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for the uk during the ‘60s and ‘705. its paramedics, pilots and doctors save lives across the capital every day. next month a big team from the london air ambulance are taking on the toughest foot race on earth — the marathon des sables. they'll be running 150 miles across the sahara desert, six marathons in six days, carrying all their own kit, to raise money for the air ambulance charity. and running with them will be former patients and families who owe them their lives. i went to meet them, and a warning, there are some flashing images. i remember wheels turning across me, and then i don't remember the impact as such, but i remember being on the floor, and really panicking because i tried to get up and i couldn't move my legs. she was deathly white. she had lost a lot of blood, she looked like she was dying. can you hear me?
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three years ago, vicky labrecque was cycling to work when she was knocked off her bike by a lorry. vicky, what we're going to do now, is we're going to give you an anaesthetic. her life was saved thanks to a pioneering medical technique carried out at the roadside. so we really need to then crack on and get her into the ambulance and get her to the royal london as quick as we can. i mean, if it hadn't been for the air ambulance then i wouldn't be here because they're the only people that do this procedure, and if that hadn't happened then i would definitely be dead. they managed to save her life, but the surgeon tom koenig wasn't able to save her leg. now, three years later, he will be part a team of medics and patients heading to the sahara to raise money for the air ambulance. joining them is vicky's sister, marie. i'm forever in debt to this charity. what they did for me, vicky and my family is incredible and they do it every day. it's going to be an incredibly emotional experience to be doing this big challenge with a team of people who saved my sister's life, ultimately. running alongside marie and tom will be another cyclist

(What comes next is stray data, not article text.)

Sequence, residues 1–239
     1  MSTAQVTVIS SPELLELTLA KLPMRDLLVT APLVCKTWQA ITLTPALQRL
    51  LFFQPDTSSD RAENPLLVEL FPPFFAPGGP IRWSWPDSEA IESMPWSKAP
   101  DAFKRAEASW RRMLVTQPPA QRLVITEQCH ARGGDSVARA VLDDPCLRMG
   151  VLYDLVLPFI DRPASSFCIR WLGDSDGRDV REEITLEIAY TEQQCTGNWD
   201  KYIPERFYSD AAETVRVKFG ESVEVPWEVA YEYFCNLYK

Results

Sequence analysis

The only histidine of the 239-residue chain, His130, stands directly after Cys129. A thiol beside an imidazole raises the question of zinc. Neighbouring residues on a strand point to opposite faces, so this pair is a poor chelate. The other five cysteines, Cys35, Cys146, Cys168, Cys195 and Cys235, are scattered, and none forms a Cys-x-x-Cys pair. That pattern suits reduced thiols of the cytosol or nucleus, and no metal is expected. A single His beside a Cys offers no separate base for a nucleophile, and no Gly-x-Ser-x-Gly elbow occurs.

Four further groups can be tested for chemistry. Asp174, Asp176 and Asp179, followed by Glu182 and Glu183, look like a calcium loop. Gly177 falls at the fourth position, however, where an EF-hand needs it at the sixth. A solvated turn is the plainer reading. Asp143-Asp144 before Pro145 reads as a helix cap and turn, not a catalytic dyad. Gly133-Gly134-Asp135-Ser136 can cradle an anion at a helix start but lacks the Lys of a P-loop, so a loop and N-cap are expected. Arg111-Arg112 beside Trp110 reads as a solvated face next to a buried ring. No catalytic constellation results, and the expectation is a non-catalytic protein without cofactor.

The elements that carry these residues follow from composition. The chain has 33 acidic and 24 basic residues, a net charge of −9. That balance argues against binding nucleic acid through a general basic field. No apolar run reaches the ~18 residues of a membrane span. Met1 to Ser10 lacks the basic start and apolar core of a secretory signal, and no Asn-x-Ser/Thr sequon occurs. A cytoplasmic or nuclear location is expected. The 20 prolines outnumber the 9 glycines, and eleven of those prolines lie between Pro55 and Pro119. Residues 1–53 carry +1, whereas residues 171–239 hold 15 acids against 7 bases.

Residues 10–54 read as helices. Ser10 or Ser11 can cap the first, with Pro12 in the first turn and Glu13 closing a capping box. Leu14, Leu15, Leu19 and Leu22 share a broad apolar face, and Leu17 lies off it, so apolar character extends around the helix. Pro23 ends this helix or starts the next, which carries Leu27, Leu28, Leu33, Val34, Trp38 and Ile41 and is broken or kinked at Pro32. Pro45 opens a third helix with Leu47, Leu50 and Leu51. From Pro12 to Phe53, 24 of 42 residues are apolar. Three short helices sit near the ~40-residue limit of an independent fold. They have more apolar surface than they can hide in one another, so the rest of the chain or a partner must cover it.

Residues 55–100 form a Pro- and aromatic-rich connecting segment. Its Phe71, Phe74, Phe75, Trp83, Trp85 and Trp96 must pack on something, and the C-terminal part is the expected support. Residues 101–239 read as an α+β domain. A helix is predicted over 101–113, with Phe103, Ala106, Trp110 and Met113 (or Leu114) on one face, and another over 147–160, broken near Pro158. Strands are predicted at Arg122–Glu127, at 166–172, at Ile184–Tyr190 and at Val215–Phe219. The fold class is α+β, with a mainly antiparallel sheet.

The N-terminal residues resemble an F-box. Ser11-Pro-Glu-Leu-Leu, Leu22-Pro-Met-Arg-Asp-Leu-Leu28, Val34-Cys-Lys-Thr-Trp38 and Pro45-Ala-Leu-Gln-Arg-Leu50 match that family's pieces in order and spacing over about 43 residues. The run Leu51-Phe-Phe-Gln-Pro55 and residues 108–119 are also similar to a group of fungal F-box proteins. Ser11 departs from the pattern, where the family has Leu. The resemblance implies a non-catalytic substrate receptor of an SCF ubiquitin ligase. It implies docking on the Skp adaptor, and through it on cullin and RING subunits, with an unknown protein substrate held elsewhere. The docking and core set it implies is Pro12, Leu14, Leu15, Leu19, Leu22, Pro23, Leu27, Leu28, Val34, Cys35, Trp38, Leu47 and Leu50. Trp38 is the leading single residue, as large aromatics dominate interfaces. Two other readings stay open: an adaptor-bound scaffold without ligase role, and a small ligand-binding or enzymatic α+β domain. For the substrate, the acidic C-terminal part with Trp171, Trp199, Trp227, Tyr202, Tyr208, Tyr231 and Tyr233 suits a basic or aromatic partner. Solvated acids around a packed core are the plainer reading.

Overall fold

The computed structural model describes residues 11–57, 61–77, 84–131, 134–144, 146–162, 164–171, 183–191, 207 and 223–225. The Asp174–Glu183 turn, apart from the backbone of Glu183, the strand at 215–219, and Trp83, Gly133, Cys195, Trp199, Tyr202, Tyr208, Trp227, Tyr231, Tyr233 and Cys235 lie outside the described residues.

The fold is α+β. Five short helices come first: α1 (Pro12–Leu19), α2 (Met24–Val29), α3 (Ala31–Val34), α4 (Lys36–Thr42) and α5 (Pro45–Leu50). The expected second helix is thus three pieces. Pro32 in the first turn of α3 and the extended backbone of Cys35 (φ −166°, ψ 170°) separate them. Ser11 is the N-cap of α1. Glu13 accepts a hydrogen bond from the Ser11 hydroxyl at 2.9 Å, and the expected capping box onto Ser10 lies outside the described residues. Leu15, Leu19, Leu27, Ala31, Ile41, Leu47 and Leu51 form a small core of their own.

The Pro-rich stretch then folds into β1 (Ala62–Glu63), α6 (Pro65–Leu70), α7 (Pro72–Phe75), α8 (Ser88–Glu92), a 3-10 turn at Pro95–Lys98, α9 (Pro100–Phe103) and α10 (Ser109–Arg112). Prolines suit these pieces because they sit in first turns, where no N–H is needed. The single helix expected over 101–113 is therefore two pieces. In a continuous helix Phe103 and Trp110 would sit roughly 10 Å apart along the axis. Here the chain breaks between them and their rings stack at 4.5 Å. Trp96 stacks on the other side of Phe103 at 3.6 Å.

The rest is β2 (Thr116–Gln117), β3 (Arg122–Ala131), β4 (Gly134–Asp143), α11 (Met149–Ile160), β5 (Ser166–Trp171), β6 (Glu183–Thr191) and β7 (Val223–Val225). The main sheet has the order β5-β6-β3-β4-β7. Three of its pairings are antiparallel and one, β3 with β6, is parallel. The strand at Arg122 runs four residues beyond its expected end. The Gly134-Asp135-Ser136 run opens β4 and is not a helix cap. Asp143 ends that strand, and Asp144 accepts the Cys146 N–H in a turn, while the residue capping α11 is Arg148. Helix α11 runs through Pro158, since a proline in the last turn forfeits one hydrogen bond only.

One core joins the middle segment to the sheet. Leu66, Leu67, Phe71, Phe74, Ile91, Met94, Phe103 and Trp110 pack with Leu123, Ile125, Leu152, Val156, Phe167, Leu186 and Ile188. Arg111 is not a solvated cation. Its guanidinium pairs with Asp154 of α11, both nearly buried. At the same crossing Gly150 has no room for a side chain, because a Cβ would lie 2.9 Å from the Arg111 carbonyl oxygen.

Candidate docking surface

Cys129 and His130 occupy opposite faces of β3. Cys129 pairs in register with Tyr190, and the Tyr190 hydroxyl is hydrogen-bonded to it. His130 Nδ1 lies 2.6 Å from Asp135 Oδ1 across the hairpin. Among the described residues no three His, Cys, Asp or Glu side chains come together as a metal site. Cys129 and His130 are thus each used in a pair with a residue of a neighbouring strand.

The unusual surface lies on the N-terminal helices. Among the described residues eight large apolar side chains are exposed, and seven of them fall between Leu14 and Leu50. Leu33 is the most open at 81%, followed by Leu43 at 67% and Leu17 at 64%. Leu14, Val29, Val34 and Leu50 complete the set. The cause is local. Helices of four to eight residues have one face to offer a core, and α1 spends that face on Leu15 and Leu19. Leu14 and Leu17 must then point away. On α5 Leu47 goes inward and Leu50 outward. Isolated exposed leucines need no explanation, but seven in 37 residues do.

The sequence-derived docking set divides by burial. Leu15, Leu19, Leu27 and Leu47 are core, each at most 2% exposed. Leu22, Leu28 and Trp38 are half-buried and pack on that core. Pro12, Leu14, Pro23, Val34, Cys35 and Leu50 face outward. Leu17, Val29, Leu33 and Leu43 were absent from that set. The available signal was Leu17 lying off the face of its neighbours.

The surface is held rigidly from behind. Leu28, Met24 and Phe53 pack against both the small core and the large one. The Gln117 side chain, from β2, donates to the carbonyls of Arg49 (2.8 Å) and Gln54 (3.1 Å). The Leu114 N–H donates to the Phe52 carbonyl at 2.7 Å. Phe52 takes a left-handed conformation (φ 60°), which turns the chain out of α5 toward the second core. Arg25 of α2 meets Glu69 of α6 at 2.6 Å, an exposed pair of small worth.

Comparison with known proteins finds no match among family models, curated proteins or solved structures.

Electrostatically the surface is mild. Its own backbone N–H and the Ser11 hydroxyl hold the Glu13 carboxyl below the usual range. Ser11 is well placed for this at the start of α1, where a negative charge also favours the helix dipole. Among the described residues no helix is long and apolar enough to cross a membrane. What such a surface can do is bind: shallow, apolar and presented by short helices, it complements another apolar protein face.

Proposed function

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who also owes her life to london air ambulance. i remember it happening. i remember going under the wheel, trying to get the wheel off, trying to speak to the driver afterwards to say sorry, because i thought i was going to die and he would have to live with that. chloe baker, now a doctor, was a medical student when she was knocked off her bike 11 years ago. the pilot who came to rescue her remembers that day vividly. this patient was self—diagnosing herself and she, being a medic of some sort, knew what she thought she'd done, which is is really rare, and we'd never really heard of before. for chloe, just over 15 minutes to get a trauma team service right next to her, i think that makes a massive difference to any patient in that situation. chloe now works alongside the team who saved her, and in three weeks' time they'll all be swapping the london chill for the saharan sun. we will suffer in those seven days, but i think our suffering pales into insignificance when you think about the suffering that our patients suffer. i think from the first step to that very finish line, which we hope, i hope that we will all